The six-speed auto, with sports mode selected, holds gears to perfection. The changes are a little on the wooly side though and can’t match the crisp rapid shifts of a DSG transmission.

For those who think they can do it better, there are steering wheel paddles to play with (but the pull to up-shift, push to down-shift action is less intuitive for me).

Refinement: Put the boy-racer antics aside for a moment and the MINI behaves like a real premium hatchback.

Sure, you’ll never mistake the ride for a Rolls Royce, and there is some jarring from bigger holes and surface imperfections, but overall refinement and comfort is quite ok.

Hit the upper revs and the exhaust note gets rorty, but in an enjoyable way, and never coarse.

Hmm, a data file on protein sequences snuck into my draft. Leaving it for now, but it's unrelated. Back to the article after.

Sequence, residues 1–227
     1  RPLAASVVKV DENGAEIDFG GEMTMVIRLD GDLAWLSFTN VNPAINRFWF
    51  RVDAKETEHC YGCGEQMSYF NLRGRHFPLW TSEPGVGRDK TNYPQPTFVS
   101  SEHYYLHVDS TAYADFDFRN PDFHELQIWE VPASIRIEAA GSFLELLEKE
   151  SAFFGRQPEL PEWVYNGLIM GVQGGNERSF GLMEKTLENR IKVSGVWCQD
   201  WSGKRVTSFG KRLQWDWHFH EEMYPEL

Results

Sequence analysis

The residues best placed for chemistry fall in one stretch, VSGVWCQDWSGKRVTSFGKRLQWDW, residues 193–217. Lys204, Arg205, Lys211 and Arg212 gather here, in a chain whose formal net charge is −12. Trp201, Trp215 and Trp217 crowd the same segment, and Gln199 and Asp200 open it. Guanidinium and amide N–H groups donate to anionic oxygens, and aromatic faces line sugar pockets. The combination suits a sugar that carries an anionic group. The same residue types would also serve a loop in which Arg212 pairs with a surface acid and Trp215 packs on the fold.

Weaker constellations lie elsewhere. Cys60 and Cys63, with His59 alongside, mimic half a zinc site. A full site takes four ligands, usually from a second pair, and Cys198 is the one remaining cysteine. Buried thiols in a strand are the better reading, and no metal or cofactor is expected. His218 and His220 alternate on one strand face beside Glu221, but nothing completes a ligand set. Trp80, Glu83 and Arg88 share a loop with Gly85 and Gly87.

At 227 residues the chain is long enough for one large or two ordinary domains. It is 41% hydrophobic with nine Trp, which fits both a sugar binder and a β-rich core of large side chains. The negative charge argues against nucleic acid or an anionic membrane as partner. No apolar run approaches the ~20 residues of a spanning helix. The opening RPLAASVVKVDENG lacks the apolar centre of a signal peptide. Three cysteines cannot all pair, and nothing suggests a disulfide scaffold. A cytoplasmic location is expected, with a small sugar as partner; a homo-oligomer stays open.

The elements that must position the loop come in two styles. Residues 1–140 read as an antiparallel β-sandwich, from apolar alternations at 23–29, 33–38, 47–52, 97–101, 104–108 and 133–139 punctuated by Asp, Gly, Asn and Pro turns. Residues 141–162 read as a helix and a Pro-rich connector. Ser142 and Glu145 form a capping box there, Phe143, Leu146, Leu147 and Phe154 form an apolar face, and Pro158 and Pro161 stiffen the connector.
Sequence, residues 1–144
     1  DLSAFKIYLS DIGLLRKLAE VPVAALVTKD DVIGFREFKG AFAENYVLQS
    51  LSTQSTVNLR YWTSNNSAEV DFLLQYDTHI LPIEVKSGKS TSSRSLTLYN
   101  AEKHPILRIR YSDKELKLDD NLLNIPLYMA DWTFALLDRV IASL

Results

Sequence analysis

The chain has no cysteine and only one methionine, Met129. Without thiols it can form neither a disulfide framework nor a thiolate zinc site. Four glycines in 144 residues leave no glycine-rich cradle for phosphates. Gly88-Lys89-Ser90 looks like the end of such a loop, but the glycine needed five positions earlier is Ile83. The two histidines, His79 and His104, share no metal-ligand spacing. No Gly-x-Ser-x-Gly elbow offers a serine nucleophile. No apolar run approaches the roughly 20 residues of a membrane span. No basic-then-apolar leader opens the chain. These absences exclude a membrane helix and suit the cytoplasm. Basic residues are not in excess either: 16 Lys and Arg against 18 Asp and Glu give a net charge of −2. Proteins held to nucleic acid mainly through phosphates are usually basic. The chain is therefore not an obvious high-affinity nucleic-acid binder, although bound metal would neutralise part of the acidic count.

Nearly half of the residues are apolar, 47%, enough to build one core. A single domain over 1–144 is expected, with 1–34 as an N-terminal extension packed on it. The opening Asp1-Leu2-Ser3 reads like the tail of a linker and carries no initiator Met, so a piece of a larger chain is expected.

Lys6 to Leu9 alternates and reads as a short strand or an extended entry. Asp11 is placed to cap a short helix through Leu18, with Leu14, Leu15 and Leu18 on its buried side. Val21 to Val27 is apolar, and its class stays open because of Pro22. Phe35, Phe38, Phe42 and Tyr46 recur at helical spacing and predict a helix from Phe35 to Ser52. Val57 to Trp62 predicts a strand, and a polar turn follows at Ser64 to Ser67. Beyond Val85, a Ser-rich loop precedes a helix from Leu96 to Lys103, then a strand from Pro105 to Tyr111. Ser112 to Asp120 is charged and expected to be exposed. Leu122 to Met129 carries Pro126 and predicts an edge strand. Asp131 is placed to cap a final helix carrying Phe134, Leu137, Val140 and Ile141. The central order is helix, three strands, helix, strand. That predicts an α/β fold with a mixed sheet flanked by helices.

Suspension: Not every car of this size is lucky enough to score fully independent suspension - but the MINI does.

The result is agile handling that feels both light on its feet yet amazingly stable.

The ride is firm, but unless you’re testing the limits the Cooper S is quite well settled. The biggest letdown comes from a lack of composure over small imperfections.

Braking: Even though the Coupe weighs a touch more than its hatchback equivalent, four-wheel disc-brakes (with ventilated front rotors) provide strong, secure stopping time and time again.



ANCAP rating: Not tested

Safety features: Dual front and thorax airbags, ESP, EBD, brake assist, ASC+T traction and stability control, corner braking control, load-limiting seat belt pretensioners.



Warranty: Three years, unlimited kilometres.

Service costs: Service costs may vary, consult your dealer before purchase.



Peugeot RCZ 1.6T Automatic ($54,990) - Peugeot’s little coupe can stop traffic with its jaw dropping looks but, despite sharing engine development with MINI, the RZC auto puts out a lot less power.

It’s a pleasant drive, but neither as quick nor the handling equal of the Cooper S Coupe. (See RCZ reviews)